Web style guide: What to include to keep your sites looking professional

Ryan Boudreaux advises on what to include when creating or updating a comprehensive web style guide so your sites' look and feel remain consistent and are easy to maintain.


A web style guide makes it easier to maintain a consistent look and feel for your organization's sites. The guide becomes the authoritative source for policies, procedures, and best practices for website work for an organization's internet and/or intranet presence. It can be referred to across a diverse team that includes web developers, stakeholders, and content providers.

The tips I provide will help you focus on creating or updating your web style guide so that it becomes a clear part of your much larger web standards guide.

What to include in your web style guide

A comprehensive web style guide goes deeper than your average template design, look and feel, and theme; it includes a set of standards that are reviewed on a regular basis, along with a pattern library, and a list of allowed elements that help govern the content and formatting for all websites within the establishment.

Comprehensive web style guides will include a full table of contents, including instructions, standards, and procedures with actual code snippets and live samples, examples and templates that can be used that demonstrate the accepted usage for each common element. Elements might include boxes, clearing floats, colors, columns, disclaimers, fonts, forms, headings, images, and graphics, JavaScript and JQuery libraries, microsite styles, multimedia content, social media, tables, text, typography, widgets, and more.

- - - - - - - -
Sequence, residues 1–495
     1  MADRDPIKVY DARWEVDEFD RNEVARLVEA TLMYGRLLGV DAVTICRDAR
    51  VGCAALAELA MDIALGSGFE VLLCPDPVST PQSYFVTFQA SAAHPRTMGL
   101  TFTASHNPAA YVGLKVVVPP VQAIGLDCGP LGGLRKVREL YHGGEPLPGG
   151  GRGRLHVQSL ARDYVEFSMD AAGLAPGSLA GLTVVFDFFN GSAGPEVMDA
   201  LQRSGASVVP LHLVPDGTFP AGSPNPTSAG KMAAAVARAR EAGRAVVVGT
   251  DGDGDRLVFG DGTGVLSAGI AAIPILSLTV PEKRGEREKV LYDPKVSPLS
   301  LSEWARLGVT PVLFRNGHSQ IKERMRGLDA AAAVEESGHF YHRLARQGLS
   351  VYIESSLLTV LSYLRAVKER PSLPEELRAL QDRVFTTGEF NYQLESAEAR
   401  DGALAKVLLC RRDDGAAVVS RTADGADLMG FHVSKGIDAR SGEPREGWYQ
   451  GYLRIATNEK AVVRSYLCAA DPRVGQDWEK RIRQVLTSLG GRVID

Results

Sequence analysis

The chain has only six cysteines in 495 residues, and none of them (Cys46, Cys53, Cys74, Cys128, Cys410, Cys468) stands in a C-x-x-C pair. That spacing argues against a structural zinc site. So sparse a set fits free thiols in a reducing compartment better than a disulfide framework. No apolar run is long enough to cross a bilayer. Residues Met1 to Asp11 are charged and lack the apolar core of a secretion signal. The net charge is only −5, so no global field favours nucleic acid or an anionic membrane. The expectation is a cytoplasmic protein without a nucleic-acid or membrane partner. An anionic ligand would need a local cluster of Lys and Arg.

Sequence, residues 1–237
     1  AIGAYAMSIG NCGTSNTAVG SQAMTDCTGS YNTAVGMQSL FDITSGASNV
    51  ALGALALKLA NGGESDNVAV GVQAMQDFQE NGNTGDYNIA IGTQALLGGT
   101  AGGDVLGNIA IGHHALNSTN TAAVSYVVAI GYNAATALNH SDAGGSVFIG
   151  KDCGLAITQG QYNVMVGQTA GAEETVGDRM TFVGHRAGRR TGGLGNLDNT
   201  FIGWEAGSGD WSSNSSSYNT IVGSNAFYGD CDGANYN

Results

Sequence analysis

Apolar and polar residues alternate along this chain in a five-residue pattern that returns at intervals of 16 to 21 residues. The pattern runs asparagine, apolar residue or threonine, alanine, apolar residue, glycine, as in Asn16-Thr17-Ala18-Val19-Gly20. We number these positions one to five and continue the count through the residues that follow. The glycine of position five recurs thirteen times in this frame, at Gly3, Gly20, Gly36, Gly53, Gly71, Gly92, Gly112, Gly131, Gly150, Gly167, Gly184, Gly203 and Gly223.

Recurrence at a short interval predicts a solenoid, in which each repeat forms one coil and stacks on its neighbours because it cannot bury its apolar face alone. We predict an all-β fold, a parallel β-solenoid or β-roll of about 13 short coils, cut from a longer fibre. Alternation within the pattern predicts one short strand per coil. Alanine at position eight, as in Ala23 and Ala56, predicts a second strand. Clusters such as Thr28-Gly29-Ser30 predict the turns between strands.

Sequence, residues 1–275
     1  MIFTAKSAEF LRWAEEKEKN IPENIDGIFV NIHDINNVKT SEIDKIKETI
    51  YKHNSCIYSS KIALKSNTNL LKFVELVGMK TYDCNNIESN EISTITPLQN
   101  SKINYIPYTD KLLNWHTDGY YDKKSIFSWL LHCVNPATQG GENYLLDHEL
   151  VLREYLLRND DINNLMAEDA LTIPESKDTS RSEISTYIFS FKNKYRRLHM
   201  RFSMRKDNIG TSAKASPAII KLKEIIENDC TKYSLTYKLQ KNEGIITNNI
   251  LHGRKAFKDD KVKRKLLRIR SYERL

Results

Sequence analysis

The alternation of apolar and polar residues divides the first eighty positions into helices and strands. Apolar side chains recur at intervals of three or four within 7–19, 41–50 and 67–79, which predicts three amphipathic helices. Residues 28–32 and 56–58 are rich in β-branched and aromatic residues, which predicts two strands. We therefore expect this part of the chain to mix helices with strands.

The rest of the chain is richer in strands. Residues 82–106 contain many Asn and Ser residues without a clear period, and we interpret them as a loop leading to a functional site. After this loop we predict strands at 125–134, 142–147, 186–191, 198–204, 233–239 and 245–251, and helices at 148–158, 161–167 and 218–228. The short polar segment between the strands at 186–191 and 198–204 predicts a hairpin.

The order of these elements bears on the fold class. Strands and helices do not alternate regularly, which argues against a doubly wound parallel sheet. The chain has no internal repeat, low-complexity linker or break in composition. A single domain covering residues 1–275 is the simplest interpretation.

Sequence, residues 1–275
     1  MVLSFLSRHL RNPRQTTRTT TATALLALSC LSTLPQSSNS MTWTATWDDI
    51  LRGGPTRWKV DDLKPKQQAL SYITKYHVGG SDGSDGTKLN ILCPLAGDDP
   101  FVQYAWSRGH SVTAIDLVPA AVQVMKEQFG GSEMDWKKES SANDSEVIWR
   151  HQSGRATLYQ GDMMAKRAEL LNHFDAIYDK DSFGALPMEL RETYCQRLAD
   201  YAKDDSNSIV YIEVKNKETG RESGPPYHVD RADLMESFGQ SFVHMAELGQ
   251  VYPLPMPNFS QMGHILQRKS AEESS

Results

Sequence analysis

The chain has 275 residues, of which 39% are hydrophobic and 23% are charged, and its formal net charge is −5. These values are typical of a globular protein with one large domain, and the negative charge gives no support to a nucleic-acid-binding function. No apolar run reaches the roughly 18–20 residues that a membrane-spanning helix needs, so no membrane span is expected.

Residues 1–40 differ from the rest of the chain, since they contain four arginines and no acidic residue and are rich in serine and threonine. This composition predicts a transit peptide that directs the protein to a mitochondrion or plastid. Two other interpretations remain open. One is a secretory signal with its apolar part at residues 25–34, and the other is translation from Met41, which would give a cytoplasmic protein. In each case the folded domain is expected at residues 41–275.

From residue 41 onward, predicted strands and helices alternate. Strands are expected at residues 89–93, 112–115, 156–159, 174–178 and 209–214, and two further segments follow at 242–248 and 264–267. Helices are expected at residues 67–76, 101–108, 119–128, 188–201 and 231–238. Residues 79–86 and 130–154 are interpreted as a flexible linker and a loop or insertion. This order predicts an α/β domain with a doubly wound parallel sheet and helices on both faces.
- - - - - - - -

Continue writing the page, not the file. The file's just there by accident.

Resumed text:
I list several of the elements and go into more detail for those that might be included in a typical style guide, and conclude with links to additional resources. (All screen captures are taken from Chrome 34.0.1847.116 m as installed on a Windows OS desktop system.)


Box and box-like elements are typically utilized to highlight specific web content, where an individual box style can have content requirements and then should be used as appropriately designated for that particular purpose. For instance, you may have a "Related Information" box that could have a title heading such as Related Information, More Information, Related Topics, or other title of interest that is not considered critical for featured content on the page.

You can also specify a header panel with a special font and color and special background color, along with a border color that matches with the color scheme. A sample "Related Information" box is shown in Figure A.

Figure A


Other boxes may include a Highlight Box, a News Box, or an Alert Box. A Highlight Box can be used to contain a set of related, critical, or featured content in relation to the page's main content. A News Box might list a schedule of events, press releases, or important calendar dates. An Alert Box should stand out with bright colors and possibly an alert icon that should be reserved for very important messages and not just for emergencies, but for high priority, short deadline, or other announcements that may require immediate action from the reader. A sample Alert Box is displayed in Figure B.

Figure B


Boxes can be used for a host of other purposes, including multipurpose with images, RSS feeds, Twitter, Facebook, widgets, advertisements, blogs, and other uses related to your business needs.